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My Articles About Orchids
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   I wanted to find an extra special orchid to tell you about this month, so I looked all around and decided on one of the most unusual orchids in my garden.
   I chose the extraordinary Stanhopeas, which is one of the commonly known “bucket orchids”. These are some of the most fascinating orchids in the orchid kingdom. Sir William Hooker established the genus in 1829.
   The reasons these orchids are so strange are their unique flowers and the way they are pollinated. The flowers are huge and can range up to 14 cm long.
   They are produced on a pendulant spike extending downward from the plant, flying free in the air. The flowers resemble some very strange looking large “bugs” with their large weird shapes and one may think they could have came from another world.
   The pendulant spike can reach 25 cm length and contain up to ten flowers. The flowers have a very strong fragrance, with some very spicy, vanilla-like smell.

   Although the flowers are short-lived, however, old, well established specimens may produce several inflorescences every year.   These marvels of the orchid family naturally range from Mexico to Brazil and are really very easy to cultivate in your collections if you can provide their needs.
   Another very strange fact about these orchids is the way they are pollinated. Male euglossine bees pollinate the large flowers. Two species of euglossine bees, Euglossa meriana and Euglossa cordata, have been known as the "orchid bees." They are attracted to the flowers by the pungent perfume that the flowers produce. These flowers are incredible works of nature in their forms with complex structures for pollination.
   These orchids have created a mechanism by which they attract the bees with their scent and then trap and release them. They have "paths" that guide the insects to the very spot that is needed for pollination. The way these flowers are made the bee is attracted to the flowers, and stops for a nibble of nectar the flower produces.
   The bee usually ends up falling into the long beak-like column. The only way for the bee to escape is to climb along a narrow path located just below the anther and the stigma of the column. When the bee finally escapes he has the pollinia attached firmly to his back right between his wings by the male anther. The dumb bee then visits another flower and starts the routine all over again only this time when he escapes he unknowingly transfers the pollinia he has been carrying around with him to the female stigma thus pollinating the flower. The flowers are short-lived which may be why they are so intricate in detail to insure pollination.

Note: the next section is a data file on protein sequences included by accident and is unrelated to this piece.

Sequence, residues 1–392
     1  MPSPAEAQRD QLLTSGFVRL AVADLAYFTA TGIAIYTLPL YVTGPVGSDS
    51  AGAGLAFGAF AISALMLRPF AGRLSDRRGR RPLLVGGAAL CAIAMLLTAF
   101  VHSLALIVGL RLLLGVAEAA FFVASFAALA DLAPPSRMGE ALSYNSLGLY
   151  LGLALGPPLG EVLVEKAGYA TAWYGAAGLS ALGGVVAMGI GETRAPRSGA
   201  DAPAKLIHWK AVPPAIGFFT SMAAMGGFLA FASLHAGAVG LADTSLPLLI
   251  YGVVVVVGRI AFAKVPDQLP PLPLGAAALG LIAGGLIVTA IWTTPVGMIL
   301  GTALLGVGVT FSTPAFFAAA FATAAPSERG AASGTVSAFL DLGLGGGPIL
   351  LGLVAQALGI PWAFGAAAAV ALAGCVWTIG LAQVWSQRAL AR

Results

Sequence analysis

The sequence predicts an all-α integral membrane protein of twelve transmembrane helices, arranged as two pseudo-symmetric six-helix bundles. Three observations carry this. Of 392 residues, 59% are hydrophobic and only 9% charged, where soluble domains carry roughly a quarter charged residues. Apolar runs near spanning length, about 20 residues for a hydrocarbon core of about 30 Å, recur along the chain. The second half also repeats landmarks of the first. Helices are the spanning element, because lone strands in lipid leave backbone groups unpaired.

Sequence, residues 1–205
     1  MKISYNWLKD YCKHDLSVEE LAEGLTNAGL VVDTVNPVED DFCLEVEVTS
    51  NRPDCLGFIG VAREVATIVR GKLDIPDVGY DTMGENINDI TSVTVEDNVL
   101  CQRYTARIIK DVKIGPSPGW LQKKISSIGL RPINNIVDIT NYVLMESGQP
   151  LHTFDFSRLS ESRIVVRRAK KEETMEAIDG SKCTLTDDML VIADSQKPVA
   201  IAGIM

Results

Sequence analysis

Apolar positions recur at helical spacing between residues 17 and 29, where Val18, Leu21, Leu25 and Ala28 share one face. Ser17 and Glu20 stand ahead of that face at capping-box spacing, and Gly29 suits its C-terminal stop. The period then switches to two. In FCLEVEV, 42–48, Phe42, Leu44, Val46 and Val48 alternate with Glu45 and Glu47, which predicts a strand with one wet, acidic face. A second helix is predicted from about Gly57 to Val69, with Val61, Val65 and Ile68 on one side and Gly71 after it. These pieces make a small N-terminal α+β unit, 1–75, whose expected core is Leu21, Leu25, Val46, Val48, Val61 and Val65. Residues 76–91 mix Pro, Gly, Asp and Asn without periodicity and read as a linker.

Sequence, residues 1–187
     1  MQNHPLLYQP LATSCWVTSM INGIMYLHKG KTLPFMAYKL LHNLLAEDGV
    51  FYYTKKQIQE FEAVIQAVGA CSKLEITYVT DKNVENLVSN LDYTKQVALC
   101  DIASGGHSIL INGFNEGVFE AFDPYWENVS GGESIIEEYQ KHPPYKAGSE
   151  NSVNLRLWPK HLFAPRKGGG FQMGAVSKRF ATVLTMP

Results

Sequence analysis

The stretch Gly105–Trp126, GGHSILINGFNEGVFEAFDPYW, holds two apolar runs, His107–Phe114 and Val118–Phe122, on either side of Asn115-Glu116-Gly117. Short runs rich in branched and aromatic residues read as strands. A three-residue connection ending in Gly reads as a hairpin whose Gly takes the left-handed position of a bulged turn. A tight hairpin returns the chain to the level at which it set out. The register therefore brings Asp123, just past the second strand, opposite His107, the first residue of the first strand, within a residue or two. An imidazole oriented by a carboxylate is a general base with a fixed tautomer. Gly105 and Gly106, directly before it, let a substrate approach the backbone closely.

There are many species in this genus and the hybridizers love to experiment with them creating many new hybrids such as Stangora ( Gongora x Stanhopea) and Stanhocycnis ( Polycycnis x Stanhopea.) My favorites are Stanhopea embreei, Stanhopea impressa, Stanhopea grandiflora, and Stanhopea oculata and Stanhopea hernanezii.   
   Light requirements of the Stanhopeas needs to be bright but diffused so the tender leaves are not burnt. (2,500 to 3,000 foot-candles) They prefer temperatures in the ranges of 52 oF (11 oC) to 60 oF (16 oC) during the night and up to 75 oF (24 oC) during the day. They must have cool night temperatures to initiate the flower formation.
   Never let your Stanhopeas dry out to prevent the tip of the leaf to brown and die. Water less in the winter. The humidity should be kept between 50% to 80% with good air movement.
   Fertilizer should be used at regular intervals during the growing season, which occurs in the early part of the year for many species.
   One of the most important things to remember is the inflorescence is pendulant so you must use containers that will allow the spike to grow through the potting medium and out the bottom of the container.
   Hanging baskets with 1" to 2" spacing are excellent. Use a potting mix that will remain moist like Sphagnum moss, tree fern fiber or coconut chips. You can also make your own mix using medium fir bark, charcoal chips and perlite. Soak the mix before potting so the roots will not dry out during the potting process.
   Lining the basket with newspaper will help keep your medium in place until the roots of the plant grow. You may need to repot ever two or three years if your plant is a vigorous grower, repot right after blooming and when you notice new growth because as they get crowded they tend to bloom less.
   These orchids can grow to be quite large so when planing your growing area for them leave plenty of room for the long wide leaves. If you can supply the cool nights and have plenty of room these special "bucket orchids" are not hard to grow.
  The first time you see one of these fantastic orchids in bloom, you will never forget the sight.   You might wish to read more about these fantastic orchids here.